If the state of the officers was as described above, worse was the lot of the ordinary soldier or the sailor, which is described as follows: “To revert to the life in forces, for the men it begins with discipline and ends with discipline which must aim at killing all initiative and free thinking for that would surely result in mutiny. To keep a man loyal in the face of most blatant racial discrimination and differentiation, to educate him to be loyal to a far off Emperor, to persuade him to open fire on his own countrymen struggling for the independence of his own country and to convince him that in the end the obligation is on him can obviously only be done by the most drastic doping of his mental activities. It is almost a feat of mesmerism.
The first step is to maintain a wide gulf between the officers and men. Authority must inspire awe. The gulf is enforced both by tradition and by the difference in pay. In no other army of the world is the difference between the commissioned and the non-commissioned so great as in our army. The second step is to isolate the men from the civilians for whom subtle feelings of contempt are engendered. Politics or anything smelling of politics is of course taboo. Political meetings must not be attended. National leaders must not be discussed and national literature must not be read. Even nationalist newspapers are not allowed anywhere near the establishments. A regular wall is created between the soldier and his countrymen and their problems and it is hoped that this way he would be kept sufficiently loyal. p. 32, 
This view of the separation of the officers and men is corroborated by Dipak Das in p. xv, . He writes, “A colonial armed service built to protect British interest, RIN sought to impose on its men a sense of devotion and loyalty to the alien rulers and, immediately, to their representatives in the upper deck. The barriers around naval units were to distance them from civilians and prevent any influence from outside that could dilute their allegiance. Aboard ships, duty and space for Indian men were divided so as to suit the specific requirements of the service. Any violation of this arrangement invited punishment. Every aspect of lower-deck life was regulated by ‘standing orders’. An occupant of the bottom tier of the naval hierarchy, the rating was required to abide unquestionably by the command of his superiors. The latter had to be saluted at all times and places. The rules of etiquette demanded that the rating must spring to attention whenever addressed by the officers and answer submissively any of their queries. On enlistment he was allotted an ‘official number’. After that he had no other identity. His privacy and individuality were the first casualties on signing up. Everything, his body, apparel or belonging, was open to scrutiny by RO or RPO. Even while off duty or on ‘liberty’ the rating could not cross the boundary of his unit unless permitted to. Out on the civvy street he was under the surveillance of the naval police and liable to be punished for any ‘deviant’ behaviour. Routine and regimentation sought to reduce him to a cog in the wheel, an automaton with neither intelligence nor a capacity for judgement, doing only what he was programmed to. Punitive djscipline, enforced with iron hand, sought to dull his mental abilities. Isolated from the people and reared on a heavy dose of training and militarization under British direction, the rating was expected to be wholly loyal to the Raj.’’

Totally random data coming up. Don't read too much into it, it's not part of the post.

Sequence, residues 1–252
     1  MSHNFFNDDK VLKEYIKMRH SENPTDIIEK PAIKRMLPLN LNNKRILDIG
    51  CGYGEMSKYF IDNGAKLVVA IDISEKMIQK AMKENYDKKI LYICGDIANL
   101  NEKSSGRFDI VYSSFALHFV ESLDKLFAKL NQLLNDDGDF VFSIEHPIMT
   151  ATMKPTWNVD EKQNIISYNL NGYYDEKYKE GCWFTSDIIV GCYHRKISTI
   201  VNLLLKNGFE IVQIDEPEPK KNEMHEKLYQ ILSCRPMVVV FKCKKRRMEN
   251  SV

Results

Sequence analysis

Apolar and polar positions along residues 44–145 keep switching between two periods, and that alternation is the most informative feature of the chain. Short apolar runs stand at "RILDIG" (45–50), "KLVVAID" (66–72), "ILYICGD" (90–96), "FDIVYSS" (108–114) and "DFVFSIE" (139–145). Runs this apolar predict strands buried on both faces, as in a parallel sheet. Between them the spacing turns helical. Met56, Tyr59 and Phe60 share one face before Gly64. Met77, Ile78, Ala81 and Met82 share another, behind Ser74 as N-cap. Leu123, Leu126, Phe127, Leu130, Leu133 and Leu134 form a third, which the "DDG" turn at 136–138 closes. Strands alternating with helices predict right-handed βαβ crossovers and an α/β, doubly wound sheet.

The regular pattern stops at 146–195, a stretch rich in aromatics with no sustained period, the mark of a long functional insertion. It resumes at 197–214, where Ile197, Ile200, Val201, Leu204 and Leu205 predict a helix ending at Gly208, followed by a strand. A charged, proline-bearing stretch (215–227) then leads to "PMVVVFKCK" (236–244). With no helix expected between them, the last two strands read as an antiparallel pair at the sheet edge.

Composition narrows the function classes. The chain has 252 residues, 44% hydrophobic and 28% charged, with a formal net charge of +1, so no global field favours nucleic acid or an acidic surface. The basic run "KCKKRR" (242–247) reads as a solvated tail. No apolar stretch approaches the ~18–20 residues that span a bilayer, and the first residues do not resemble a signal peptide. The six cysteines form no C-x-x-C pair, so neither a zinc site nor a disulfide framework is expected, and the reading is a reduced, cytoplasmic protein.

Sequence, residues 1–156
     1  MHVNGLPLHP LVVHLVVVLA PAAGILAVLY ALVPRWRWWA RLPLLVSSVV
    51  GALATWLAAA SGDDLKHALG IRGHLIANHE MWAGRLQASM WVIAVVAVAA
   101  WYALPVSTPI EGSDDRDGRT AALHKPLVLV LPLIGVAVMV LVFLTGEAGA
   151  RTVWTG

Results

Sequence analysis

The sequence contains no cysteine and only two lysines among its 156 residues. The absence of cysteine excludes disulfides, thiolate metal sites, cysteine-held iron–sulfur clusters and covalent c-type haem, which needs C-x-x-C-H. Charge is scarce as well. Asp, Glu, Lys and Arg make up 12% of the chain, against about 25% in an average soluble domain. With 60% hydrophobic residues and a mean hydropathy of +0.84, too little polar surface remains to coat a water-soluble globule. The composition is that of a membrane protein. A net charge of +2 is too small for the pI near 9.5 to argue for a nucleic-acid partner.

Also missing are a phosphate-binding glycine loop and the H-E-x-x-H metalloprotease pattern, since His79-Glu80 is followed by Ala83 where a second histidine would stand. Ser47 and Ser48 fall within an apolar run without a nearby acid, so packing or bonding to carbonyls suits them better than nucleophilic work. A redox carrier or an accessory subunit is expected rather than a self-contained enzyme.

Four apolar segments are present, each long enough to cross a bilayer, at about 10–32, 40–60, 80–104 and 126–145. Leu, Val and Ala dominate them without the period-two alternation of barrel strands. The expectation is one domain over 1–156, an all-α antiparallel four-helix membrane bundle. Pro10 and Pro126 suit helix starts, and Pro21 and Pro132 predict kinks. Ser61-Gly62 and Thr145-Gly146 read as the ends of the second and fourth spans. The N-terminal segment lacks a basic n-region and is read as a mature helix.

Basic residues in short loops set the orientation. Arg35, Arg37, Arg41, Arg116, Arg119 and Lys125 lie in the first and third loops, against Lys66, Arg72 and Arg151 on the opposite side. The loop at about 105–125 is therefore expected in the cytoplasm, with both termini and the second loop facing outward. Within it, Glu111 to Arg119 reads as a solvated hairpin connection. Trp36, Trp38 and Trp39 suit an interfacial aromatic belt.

Thus, the British sought to create in the Indian soldier, a totally inhuman machine that would only be loyal to them and support their atrocities. While the experiment did succeed to a limited extent, by the end of the Second World War, the evaporation of the myth of European superiority, the sweeping winds of nationalism and the deeds of the INA began to wear away at this loyalty that had been imposed from above. The Indian soldier started to become more loyal to his own country, his flesh and blood, his kith and kin, than the distant king in London and thus, the British instrument became a weapon pointed at their own hearts. The British created force of occupation had thus become a force of liberation of India, should the British prove intransigent.
Finally, we cite the letter written by Gen. Auchinleck during the INA trials, by which time, sweeping nationalism and the deeds of Subhas Chandra Bose had turned even the officers away from the British. General Auchinleck wrote: “In this connection, it should be remembered, I think, that every Indian worthy of the name is today a “Nationalist”, though this does not mean that he is necessarily “anti British”. All the same, where India and her independence is concerned there are no pro-British Indians. Every Indian commissioned officer is a Nationalist and rightfully so, provided he hopes to attain independence for India by constitutional means.’’ p. 54, , p. 173, .
Section B: Motivation for the naval mutiny
The motivation for the naval mutiny can be best understood in the words of mutineer, BC Dutt, who had participated in the second world war pp. 75-77, :